Editor’s note: This post has been altered from its original version to correct an error.
Remember that one time that U.S. Sen. Harry Reid called for an end to legal brothels in Nevada? Neither did I, until an appearance this morning on KNPR’s interview program State of Nevada.
On that show, longtime brothel lobbyist George Flint said — for the first time ever — that somebody from Reid’s majority leader office called him in March 2011 to apologize for Reid’s February 2011 speech before the Nevada Legislature, in which Reid said legal prostitution was an impediment to economic development in Nevada.
But Reid’s spokeswoman today denied an apology had been offered for Reid’s remarks, which were met with silence two years ago from a legislative chamber that included working girls and brothel owners who’d been tipped off that Reid intended to attack their industry.
“We never apologized,” said Kristen Orthman, Reid’s spokeswoman. “We didn’t apologize because there’s nothing to apologize for.”
Reid, Orthman said, still believes Nevada should outlaw prostitution in all of its counties. (Currently, it’s legal in most places in the state outside population centers such as Reno and Las Vegas.)
But Flint in an interview this afternoon stuck to his story. He said a woman whom he identified as “Adele” called from Reid’s majority leader office, which is housed in a different location than the senator’s official staff. She said Reid was recovering at the time from a fall that dislocated his shoulder, and was busy on the Senate floor, but instructed her to call to reaffirm Reid’s longstanding friendship and tell Flint that the senator didn’t want Flint to hold the speech against Reid.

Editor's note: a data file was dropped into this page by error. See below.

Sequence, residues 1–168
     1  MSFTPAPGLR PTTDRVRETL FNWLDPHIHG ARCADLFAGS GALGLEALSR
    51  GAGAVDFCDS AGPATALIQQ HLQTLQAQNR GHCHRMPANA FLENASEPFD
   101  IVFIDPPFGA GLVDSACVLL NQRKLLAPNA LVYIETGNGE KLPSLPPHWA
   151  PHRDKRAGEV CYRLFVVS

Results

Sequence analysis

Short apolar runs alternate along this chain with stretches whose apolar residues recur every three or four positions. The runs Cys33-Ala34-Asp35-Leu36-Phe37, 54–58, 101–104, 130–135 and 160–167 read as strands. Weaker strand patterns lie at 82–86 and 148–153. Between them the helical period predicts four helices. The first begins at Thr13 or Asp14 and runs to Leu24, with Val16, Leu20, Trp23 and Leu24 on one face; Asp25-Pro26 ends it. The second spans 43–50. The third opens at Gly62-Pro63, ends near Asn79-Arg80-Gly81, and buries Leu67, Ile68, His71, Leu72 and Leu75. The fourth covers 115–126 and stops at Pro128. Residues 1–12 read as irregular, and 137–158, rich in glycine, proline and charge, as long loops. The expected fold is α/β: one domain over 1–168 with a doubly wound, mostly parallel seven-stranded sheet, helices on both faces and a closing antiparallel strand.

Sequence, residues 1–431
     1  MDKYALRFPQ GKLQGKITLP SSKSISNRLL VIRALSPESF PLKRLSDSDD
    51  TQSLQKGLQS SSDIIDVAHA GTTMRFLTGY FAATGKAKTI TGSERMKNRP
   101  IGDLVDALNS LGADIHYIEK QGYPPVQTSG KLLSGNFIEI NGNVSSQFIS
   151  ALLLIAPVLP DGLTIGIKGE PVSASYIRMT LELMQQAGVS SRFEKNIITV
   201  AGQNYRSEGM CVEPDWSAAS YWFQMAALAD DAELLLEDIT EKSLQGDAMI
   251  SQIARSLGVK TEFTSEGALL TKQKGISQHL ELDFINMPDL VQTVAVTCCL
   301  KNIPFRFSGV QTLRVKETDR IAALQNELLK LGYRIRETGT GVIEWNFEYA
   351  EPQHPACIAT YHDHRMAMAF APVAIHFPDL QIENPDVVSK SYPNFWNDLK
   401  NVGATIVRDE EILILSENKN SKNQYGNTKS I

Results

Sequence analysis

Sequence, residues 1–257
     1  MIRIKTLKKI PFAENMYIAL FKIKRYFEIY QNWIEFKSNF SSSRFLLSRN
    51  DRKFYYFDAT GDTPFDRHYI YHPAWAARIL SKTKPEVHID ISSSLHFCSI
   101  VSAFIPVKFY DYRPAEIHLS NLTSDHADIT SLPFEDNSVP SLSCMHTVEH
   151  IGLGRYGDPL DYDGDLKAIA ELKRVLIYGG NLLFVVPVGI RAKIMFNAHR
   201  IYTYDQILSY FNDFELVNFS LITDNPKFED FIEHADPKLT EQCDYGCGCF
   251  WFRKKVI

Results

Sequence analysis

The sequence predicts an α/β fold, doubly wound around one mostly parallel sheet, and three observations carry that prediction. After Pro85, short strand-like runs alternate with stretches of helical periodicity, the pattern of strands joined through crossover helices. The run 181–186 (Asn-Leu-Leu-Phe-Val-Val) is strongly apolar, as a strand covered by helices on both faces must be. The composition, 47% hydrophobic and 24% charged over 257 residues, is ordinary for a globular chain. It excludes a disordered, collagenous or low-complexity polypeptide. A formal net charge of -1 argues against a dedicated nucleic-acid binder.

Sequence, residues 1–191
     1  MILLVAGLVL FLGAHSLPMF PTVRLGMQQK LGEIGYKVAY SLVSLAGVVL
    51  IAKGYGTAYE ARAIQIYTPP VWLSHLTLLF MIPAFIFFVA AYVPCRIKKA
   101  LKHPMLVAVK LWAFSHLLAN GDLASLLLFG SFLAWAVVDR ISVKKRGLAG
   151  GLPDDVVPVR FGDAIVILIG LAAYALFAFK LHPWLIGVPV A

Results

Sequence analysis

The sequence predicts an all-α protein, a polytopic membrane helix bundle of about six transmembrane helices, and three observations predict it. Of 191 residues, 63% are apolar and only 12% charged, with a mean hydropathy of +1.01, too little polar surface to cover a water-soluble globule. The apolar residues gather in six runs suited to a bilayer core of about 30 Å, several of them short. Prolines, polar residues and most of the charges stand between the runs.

According to Reuters, Reid’s injury was in May 2011, about three months after his speech.
“I took it as an apology,” said Flint, who confirmed that he and Reid have been friends for years. He recounted an incident in which Reid recalled a $500 contribution to Reid’s campaign for lieutenant governor, a donation the senator remembered years afterwards. Orthman also said that Reid maintains a good relationship with Flint, who has represented the legal brothel industry in Nevada since 1985.
Flint has recently called for legalizing prostitution throughout Nevada, but has acknowledged he faces an uphill climb. He says he’s preparing to do a poll to gauge public mood on the issue before moving forward.